On Sunday, the Cowboys didn't belong on the same field as the Giants. It's hard to believe that only a little more than two months ago, some of us thought the Osi Umenyiora injury might derail the Giants' hopes for a repeat. Now, it simply feels like an interesting footnote.
Holding court in front of his locker for 20 minutes, Justin Tuck tried his best not to smirk about the Cowboys' misfortune.
"We're not poppin' champagne in here," he said.
And why would they? They just beat the fourth-place team in the division.
IRVING, Texas -- Cowboys quarterback Brad Johnson seemed a bit irritated by questions Wednesday about whether he's worried about being replaced by Brooks Bollinger for Sunday's game against the Giants. He told local reporters that he wasn't "looking over his shoulder," but he gave the New York media a longer explanation.
The Giants media didn't waste any time coming after Johnson. The first question was, "How thin of a piece of ice are you on in terms of Bollinger perhaps looking over your shoulder?"
"I have really just kind of focused in on taking care of myself and trying to help this team win," said Johnson. "Last week was that kind of a case and I'm just trying to play smart football and give our team a chance to win. So that is really the only thing I can focus on -- not really what people want to get conjured up."
Johnson told the Giants media the same thing he told me earlier Wednesday. He said he hadn't been informed that Bollinger would take any extra snaps in practice this week. And Cowboys coach Wade Phillips backed that up during his visit with the Giants media corps today.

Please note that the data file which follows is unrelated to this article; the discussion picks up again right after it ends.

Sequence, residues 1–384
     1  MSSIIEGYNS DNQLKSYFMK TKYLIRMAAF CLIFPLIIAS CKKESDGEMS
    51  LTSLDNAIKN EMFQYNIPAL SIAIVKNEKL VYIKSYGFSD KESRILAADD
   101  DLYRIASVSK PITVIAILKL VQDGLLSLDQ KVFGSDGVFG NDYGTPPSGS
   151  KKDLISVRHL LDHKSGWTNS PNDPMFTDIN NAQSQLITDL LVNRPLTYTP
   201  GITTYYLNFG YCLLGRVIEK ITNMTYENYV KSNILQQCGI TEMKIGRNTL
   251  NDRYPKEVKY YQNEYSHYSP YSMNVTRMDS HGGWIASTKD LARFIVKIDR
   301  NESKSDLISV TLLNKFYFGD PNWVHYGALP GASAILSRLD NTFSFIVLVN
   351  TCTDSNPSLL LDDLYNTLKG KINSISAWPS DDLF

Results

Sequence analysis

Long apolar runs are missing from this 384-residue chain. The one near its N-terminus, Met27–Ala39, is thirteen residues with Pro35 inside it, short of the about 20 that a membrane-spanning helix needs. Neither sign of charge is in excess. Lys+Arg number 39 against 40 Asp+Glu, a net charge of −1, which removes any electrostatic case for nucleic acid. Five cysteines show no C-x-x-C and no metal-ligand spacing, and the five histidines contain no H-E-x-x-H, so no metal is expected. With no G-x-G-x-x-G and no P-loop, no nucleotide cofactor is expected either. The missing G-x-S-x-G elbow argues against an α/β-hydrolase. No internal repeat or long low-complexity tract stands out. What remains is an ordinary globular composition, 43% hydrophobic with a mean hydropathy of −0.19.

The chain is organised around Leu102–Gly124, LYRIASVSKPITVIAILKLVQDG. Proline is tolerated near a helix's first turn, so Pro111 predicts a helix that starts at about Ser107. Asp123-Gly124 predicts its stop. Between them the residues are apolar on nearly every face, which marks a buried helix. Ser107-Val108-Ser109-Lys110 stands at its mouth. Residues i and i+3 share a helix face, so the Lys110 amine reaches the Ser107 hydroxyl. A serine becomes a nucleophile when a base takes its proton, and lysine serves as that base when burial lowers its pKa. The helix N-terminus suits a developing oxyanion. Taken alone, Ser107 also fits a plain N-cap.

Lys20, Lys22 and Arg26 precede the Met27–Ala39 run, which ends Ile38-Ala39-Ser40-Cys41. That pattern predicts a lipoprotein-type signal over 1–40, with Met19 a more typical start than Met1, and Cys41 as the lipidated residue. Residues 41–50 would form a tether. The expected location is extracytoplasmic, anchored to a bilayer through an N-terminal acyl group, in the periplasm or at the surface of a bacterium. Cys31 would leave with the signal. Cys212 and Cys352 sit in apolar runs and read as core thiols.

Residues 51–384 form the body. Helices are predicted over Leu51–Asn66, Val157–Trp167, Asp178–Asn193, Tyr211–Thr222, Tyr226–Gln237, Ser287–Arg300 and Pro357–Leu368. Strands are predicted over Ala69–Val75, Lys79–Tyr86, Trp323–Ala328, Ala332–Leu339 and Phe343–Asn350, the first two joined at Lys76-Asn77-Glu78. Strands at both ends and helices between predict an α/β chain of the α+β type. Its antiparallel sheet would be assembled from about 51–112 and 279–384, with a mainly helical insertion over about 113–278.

"No, I haven't talked to anyone," said Johnson when asked about Bollinger receiving more reps. "The only thing I have done is that I have been in here Monday and watched the film, worked out. Tuesday I watched all of the Giants film. I met with the coaches. And that is the only thing we have talked about -- just the game plan for the Giants."
Posted by ESPN.com's Matt Mosley
Before we begin talking about Cowboys backup quarterback Brooks Bollinger, let's learn how to pronounce his last name correctly. It's BALL-in-jer, not BOWL-in-jer.
|Ronald Martinez/Getty Images|
|Brooks Bollinger could see action against the Giants on Sunday.|
With that out of the way, we should discuss Bollinger's chances of playing Sunday in the Meadowlands. At least one Dallas columnist thinks Bollinger should only enter the game against the Giants if the Cowboys fall behind by 10 points. But after watching Brad Johnson on Sunday, I'm convinced Bollinger should take over as the starter.
Yes, I know he has a career record of 2-8 that would likely fall to 2-9, but he's 12 years younger than the 40-year-old Johnson and he's capable of throwing the ball 20 yards downfield without a running start. At this point, Johnson is a sitting duck in the pocket. The Giants sacked Ben Roethlisberger five times Sunday -- and he's considered a mobile quarterback. Johnson is considered sedentary.
Last night, I called a member of the Cowboys coaching staff to discuss Bollinger's work on the scout team this season. Apparently Bollinger has been giving the defense a good look.
"When we needed someone to act like [Donovan] McNabb, Bollinger did an excellent job," said the assistant. "He can slide out of the pocket and make accurate throws to the backside. I don't know how that would translate in a game, but he can make all the throws in practice."